The first African American volunteer infantry unit of the Civil War was the 54th Regiment of Massachusetts. A monumental relief sculpture in Boston honors the 54th Regiment and its commander, Robert Gould Shaw. When the regiment was crushed at the battle of Fort Wagner in South Carolina, Shaw, a white man, was the first to take a bullet, making him a hero to his surviving men. Listen to hear how his sacrifice inspired sculptor Augustus Saint-Gaudens to create a uniquely powerful monument.
Migration has been a huge part of human history. Experts agree that early humans started out in Africa and began to migrate out of Africa to different parts of Europe and Asia around 100,000 years ago. This migration occurred in waves but we don’t know why early humans left Africa. Recent research supports the theory that climate change may have been the force that drove early humans out. Looking at things such as dust, buried pollen, and coral, scientists have been able to show a correlation between changes in these things and periods in early human history of migration. As early humans looked for new food sources, the research indicates, they began to relocate. Listen to hear more about what may have caused humans to migrate.
The Roman Empire was one of the largest and longest lasting in history. Theories about what led to its collapse have ranged from the barbarian invasions to internal corruption to economic instability. However, a recent theory that is added to the mix is climate change. New research has contributed to the theory that climate change destabilized Rome and made it vulnerable to collapse. In this audio story, this theory is discussed, including the scientific evidence, specifically the study of tree rings, that supports it. There is also discussion about whether this was naturally occurring or a man-made phenomenon.
Men serving in the U.S. Air Force during the Cold War suffered extreme stress as they prepared daily for nuclear war. But when the Cold War ended, they were not recognized as veterans because they weren’t technically in combat. In this audio story you hear from several Air Force pilots who flew on nuclear training missions who are disappointed they are not treated like other combat veterans. It explores their fight for recognition as veterans by the federal government.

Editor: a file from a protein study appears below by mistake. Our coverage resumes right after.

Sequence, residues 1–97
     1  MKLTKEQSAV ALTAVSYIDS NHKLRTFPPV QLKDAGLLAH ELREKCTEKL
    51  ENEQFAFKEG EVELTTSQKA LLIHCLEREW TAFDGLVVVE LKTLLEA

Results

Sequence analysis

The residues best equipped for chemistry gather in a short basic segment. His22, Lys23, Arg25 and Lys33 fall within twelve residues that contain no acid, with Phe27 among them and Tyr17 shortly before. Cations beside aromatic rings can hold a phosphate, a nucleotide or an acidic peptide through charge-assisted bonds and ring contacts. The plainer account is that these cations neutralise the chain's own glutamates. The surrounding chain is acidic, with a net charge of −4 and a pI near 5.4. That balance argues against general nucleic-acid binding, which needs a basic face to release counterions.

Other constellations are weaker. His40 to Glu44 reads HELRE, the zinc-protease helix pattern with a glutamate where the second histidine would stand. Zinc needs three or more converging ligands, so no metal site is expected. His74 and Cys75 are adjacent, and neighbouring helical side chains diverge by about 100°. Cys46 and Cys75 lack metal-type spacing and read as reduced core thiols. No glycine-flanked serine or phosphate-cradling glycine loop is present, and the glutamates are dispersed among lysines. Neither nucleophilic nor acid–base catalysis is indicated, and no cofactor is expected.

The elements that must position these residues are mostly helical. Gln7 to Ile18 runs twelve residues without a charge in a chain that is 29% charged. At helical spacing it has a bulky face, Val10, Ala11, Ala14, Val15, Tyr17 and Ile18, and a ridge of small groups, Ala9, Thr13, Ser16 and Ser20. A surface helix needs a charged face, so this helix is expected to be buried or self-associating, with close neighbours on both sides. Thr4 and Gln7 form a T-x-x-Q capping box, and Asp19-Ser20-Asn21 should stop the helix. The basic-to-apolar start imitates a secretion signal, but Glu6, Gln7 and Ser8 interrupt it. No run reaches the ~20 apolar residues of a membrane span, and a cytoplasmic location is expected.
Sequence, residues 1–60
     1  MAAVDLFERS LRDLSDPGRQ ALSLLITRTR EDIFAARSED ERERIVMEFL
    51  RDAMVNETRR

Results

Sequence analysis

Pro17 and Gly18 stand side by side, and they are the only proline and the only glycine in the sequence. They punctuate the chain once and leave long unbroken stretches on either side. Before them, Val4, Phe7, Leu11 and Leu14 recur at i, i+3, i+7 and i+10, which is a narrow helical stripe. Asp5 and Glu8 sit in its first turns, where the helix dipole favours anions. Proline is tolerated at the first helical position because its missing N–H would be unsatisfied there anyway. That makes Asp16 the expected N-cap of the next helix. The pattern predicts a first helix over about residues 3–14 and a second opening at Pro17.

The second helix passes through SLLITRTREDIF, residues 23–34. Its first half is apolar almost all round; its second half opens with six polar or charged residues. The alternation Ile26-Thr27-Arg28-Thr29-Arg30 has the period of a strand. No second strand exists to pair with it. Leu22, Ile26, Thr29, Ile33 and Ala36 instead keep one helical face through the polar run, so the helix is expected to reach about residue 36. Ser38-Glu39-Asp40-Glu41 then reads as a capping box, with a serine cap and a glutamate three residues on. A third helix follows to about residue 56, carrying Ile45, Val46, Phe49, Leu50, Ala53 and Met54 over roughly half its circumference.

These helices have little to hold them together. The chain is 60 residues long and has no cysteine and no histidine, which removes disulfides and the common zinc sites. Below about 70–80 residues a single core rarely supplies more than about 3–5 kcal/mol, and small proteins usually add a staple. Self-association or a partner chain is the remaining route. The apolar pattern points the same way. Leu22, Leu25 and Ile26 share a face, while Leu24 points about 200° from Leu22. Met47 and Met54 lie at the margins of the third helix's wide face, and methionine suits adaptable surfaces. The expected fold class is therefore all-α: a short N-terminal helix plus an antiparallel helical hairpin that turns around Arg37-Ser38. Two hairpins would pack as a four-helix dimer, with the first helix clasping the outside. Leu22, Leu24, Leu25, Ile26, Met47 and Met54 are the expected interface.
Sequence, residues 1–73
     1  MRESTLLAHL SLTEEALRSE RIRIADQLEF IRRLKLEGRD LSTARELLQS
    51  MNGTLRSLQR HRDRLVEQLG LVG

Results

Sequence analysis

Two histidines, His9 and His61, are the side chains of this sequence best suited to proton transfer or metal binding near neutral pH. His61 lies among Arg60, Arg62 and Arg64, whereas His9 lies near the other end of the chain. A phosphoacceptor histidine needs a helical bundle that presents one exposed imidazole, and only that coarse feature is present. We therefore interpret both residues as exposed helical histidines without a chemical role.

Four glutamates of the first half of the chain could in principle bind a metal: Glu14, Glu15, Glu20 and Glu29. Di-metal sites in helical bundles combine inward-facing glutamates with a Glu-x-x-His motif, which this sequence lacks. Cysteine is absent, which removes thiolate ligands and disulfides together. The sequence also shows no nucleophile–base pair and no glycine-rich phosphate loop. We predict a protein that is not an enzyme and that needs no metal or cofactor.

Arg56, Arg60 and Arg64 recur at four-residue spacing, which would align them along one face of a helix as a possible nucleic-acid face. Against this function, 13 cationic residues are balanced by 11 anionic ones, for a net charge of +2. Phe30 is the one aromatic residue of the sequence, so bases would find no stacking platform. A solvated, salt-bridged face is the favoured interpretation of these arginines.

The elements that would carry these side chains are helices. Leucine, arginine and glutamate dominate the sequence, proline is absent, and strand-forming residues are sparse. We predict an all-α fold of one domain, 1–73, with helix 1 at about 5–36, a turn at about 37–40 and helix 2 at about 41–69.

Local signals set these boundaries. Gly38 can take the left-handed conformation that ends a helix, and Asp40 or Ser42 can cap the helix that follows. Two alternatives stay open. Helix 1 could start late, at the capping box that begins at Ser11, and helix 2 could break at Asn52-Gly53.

In Brazil today, there are still laws dating back to Portuguese colonization. If you were to buy a home in the Brazilian city of Petropolis, you would make the usual payments, but also something more: a tax or tribute to a local family. These families, the descendants of Portuguese colonial royalty and nobles, legally still own over half the country’s land and charge a “rent” to property owners due to laws left over from 500 years ago. Listen to hear how this system, called enfiteuse (Pronounced: en-fee-TEE-oh-see), affects wealth distribution in Brazil, and what citizens are doing about it.
Throughout time, the American dairy industry has been in desperate need of workers and this attracts immigrants from all over the world. This story begins in the home of an immigrant family as they start their workday. Listen to learn about the experiences of new immigrants to the United States, from Guatemala, who work on dairy farms in northern New York and Vermont.
The Communist Revolution in the Soviet Union led to a totalitarian dictatorship that killed or imprisoned tens of millions of people. It was a period of cruelty that has not been forgotten in Russia today. However, some former Communist rulers are still in current-day Russia’s government, which means there’s a complicated relationship with the Soviet past and bringing back some Soviet-era practices. Listen to this story to understand how Russia’s Communist past still plays a role in present-day politics.
Confucius was a philosopher who was born more than 2500 years ago in China, and his ideas have become central to China’s identity. His ideas became Chinese imperial philosophy and they were especially popular during the pivotal Han and Tang and Song Dynasties. Today, China is working to broaden not only its economic and diplomatic power, but also its cultural influence, and is looking back to Confucianism for help. China hopes that extending their soft power will lead to an increase in its ability to export Chinese values as well. But this story finds that Chinese values may not be applicable across all cultures. Listen to hear more about this soft-power powerhouse and how a centuries-old philosopher still leads a nation.